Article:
Challenges and opportunities


Aug 05 - 11, 2002

A house is the basic need of every one. All countries take extra measures for promoting construction and ownership of houses. Pakistan is also keen to provide houses to its people. National Housing Policy - 2001, formulated by the government, has the concurrence of all the provinces. The Policy objectives are: (1) to accelerate housing activity and contribute towards employment generation and economic development; (2) to facilitate provision of housing inputs including land, finance, building materials, institutional and legal framework; (3) to analyse the culture of poverty and the forces generating ever-increasing slums and katchi abadis including political public, socio-economic, bureaucratic and environmental forces; (4) to promote ways and means for housing development by enhancing affordability, saving capacity, human tendencies and potential; (5) to provide safeguards against malpractice, bureaucratic inefficiencies, institutional weaknesses and mafia assaults and (6) to develop indigenous and cost effective approaches particularly for the low-income groups. To realize these objectives, actual implementation of appropriate measure is important.


According to 1998 Population and Housing Census in Pakistan, there were over 19.3 million housing units, of which 67.7 per cent were in rural and 32.3 per cent in urban areas accommodating total population of 131.5 million. Of the total houses, nearly 15.6 million (80.8 %) were owned, 1.7 million (9.0 %) rented, and 2.0 million (10.2%) rent-free. The percentage of owned housing units were higher in the rural areas compared to urban areas. However, the percentage of rented houses was significantly higher at 23.2 % in urban as compared to only 2.3 % in the rural areas.

On the basis of the World Bank's recommended occupancy rates of 6 persons per house, the total number of required housing units in the country would be roughly 24.3 million up to the end of June, 2002, based on the population of 146 million at present. Every year, 0.3 million new houses are added to the existing stock by the public and private sectors. On the other hand, 10 per cent houses of the total supply are depleted/destroyed/ demolished every year, resulting in to decrease in available housing units to 20.0 million housing units leaving a backlog of 4.3 million housing units. In order to make up the backlog and meet the shortfall in the next 20 years, the government estimates that overall housing production has to be raised to 500,000 units per annum from 300,000 units at present.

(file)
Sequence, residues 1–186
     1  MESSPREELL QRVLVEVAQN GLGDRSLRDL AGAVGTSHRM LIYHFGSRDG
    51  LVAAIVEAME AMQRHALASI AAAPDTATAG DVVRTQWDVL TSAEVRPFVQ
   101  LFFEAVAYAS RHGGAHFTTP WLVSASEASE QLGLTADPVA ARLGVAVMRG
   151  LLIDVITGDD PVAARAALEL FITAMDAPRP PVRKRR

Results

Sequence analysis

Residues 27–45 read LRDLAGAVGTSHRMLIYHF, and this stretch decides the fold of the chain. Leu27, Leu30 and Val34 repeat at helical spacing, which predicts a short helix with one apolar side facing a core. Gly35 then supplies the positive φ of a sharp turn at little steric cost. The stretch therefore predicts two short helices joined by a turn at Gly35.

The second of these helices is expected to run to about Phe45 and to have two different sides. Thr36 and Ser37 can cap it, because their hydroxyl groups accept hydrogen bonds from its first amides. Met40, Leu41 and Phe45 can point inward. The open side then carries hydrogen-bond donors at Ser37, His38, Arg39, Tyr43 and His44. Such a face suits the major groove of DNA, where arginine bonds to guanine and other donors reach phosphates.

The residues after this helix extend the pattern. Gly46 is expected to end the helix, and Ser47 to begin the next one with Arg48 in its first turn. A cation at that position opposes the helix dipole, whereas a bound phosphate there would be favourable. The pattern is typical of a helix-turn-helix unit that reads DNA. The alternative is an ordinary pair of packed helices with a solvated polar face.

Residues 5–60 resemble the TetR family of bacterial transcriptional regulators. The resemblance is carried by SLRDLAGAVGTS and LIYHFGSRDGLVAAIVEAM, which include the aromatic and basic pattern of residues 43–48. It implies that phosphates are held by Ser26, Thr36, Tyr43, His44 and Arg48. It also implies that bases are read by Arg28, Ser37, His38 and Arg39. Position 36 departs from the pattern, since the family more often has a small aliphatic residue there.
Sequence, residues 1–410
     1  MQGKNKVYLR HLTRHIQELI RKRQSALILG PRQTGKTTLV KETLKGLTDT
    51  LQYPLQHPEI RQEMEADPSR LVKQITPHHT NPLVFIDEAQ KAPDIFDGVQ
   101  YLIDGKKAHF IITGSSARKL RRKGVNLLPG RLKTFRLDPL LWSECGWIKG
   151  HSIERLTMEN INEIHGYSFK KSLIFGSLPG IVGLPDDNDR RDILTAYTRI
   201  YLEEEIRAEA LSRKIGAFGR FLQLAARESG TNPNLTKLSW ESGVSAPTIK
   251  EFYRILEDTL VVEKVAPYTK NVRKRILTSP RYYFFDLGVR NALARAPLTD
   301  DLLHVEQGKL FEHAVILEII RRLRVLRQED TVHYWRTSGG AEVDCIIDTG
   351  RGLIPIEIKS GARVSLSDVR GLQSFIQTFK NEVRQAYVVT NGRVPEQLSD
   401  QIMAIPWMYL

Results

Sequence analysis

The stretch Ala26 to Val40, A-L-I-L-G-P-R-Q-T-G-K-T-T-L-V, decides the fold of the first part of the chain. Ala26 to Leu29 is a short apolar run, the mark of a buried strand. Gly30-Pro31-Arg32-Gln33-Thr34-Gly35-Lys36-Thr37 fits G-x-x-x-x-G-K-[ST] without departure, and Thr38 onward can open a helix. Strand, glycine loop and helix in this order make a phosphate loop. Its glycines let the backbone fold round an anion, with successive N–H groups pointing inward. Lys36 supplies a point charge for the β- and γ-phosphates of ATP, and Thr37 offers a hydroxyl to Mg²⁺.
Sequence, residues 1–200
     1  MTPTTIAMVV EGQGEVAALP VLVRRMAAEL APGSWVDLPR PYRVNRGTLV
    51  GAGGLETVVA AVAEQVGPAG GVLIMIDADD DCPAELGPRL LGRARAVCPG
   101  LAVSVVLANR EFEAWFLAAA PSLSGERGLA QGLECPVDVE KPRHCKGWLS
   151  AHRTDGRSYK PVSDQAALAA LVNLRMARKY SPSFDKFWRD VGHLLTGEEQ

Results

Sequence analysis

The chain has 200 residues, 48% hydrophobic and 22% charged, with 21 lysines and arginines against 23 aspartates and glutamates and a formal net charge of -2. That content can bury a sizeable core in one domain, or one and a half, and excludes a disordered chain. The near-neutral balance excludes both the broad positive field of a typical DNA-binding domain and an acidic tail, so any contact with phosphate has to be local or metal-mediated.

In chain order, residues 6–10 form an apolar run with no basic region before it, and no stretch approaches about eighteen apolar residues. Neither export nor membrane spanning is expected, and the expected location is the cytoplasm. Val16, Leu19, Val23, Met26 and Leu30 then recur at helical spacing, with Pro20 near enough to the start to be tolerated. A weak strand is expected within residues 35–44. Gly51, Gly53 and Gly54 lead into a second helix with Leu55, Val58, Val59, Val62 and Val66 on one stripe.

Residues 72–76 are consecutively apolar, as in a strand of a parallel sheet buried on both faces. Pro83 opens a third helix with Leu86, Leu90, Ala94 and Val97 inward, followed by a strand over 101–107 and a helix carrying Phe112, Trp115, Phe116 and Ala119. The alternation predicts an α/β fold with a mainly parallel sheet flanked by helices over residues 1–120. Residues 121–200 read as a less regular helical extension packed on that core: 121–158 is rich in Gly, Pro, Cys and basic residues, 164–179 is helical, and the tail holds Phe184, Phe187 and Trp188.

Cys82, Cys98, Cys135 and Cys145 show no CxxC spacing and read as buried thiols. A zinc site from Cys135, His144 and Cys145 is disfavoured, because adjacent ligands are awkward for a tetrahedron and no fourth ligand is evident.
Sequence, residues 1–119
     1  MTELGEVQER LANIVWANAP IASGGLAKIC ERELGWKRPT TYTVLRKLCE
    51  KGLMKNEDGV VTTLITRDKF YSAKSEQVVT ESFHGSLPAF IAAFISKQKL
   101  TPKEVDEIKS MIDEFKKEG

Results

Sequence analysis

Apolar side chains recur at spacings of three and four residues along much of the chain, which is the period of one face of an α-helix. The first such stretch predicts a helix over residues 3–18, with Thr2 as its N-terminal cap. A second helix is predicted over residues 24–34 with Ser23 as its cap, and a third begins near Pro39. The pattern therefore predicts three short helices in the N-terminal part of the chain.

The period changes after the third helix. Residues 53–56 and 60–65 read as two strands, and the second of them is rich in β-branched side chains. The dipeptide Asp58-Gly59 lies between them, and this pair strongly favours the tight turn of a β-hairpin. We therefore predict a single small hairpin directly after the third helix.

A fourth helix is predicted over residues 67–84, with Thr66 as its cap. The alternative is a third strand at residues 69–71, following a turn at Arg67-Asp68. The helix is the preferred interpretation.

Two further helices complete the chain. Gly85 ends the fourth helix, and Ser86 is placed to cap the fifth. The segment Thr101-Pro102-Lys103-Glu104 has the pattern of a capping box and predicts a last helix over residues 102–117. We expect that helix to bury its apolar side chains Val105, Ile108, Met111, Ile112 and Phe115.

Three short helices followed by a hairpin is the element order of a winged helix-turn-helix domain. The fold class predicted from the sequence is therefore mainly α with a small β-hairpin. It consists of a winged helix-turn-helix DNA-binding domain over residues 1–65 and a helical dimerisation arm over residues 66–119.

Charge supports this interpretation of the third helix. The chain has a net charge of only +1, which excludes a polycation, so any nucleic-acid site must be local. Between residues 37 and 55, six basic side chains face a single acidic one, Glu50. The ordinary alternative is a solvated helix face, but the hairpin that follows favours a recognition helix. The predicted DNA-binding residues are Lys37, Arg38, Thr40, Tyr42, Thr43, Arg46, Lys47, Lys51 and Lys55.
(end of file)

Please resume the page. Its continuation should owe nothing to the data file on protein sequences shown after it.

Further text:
The increase in new houses to 500,000 units annually, offers big opportunities to HBFC, commercial banks and other financiers. Assuming self-finance to cover 50 % housing units each year, around 250,000 housing units will require loan assistance from HBFC and other institutions in the financial system. Total annual cost will be around Rs.50 billion, on the basis of Rs.0.2 million average loan per housing unit, of which Rs.20 billion (40%) may be met through loans, the rest of the cost to be met by the owners from own resources. Some construction industry experts value the annual housing market at Rs.15 million. Moreover, major repairs or replacement of mud houses with concrete construction, loans needs may further increase. Different assumptions will giver lower or higher funding estimate, but it is certain that funding needs for new houses are very high and there are big opportunities for all the financiers. This paper attempts to review the difficulties in the way of smooth construction of houses at present and offers suggestions to accelerate the financing of construction activities.


The federal government has already referred the Policy to the concerned organizations and the provincial governments for implementation. The provincial governments have set up committees under their respective Chief Secretaries to monitor progress on implementation of the Policy. Initially, progress on implementation has been slow largely due to the Devolution of Power, but now it appears the respective authorities are gearing up for promotion of housing. In order to meet the annual target of 500,000 new houses each year, it is essential to take concrete steps towards implementation of the housing policy, in letter and spirit. Actions on priority basis are required in the following areas: